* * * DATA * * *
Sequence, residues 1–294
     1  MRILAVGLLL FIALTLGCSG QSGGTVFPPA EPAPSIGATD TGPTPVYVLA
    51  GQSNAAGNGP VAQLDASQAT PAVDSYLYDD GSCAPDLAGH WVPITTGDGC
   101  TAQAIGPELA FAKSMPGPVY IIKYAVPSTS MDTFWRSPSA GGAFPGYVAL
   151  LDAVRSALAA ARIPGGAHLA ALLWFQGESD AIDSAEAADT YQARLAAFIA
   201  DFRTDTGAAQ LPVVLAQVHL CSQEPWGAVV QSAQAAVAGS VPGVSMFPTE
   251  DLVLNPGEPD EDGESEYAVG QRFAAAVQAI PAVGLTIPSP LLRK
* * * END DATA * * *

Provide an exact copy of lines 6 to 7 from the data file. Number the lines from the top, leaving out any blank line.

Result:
   201  DFRTDTGAAQ LPVVLAQVHL CSQEPWGAVV QSAQAAVAGS VPGVSMFPTE
   251  DLVLNPGEPD EDGESEYAVG QRFAAAVQAI PAVGLTIPSP LLRK